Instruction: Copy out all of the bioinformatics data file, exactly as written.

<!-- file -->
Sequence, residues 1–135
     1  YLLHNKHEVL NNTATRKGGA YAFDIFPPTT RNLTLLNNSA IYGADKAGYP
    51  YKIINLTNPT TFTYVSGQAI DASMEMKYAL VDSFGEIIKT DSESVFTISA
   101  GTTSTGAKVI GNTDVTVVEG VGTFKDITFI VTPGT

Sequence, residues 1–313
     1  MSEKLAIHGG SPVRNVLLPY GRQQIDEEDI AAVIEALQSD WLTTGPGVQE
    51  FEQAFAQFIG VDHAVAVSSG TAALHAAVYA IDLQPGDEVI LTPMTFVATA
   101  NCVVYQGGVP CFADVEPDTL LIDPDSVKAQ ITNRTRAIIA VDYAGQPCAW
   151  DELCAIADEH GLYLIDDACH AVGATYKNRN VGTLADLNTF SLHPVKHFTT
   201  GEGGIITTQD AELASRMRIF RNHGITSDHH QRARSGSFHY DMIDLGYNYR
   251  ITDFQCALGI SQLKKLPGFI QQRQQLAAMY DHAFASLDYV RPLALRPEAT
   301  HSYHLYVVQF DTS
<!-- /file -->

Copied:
Sequence, residues 1–135
     1  YLLHNKHEVL NNTATRKGGA YAFDIFPPTT RNLTLLNNSA IYGADKAGYP
    51  YKIINLTNPT TFTYVSGQAI DASMEMKYAL VDSFGEIIKT DSESVFTISA
   101  GTTSTGAKVI GNTDVTVVEG VGTFKDITFI VTPGT

Sequence, residues 1–313
     1  MSEKLAIHGG SPVRNVLLPY GRQQIDEEDI AAVIEALQSD WLTTGPGVQE
    51  FEQAFAQFIG VDHAVAVSSG TAALHAAVYA IDLQPGDEVI LTPMTFVATA
   101  NCVVYQGGVP CFADVEPDTL LIDPDSVKAQ ITNRTRAIIA VDYAGQPCAW
   151  DELCAIADEH GLYLIDDACH AVGATYKNRN VGTLADLNTF SLHPVKHFTT
   201  GEGGIITTQD AELASRMRIF RNHGITSDHH QRARSGSFHY DMIDLGYNYR
   251  ITDFQCALGI SQLKKLPGFI QQRQQLAAMY DHAFASLDYV RPLALRPEAT
   301  HSYHLYVVQF DTS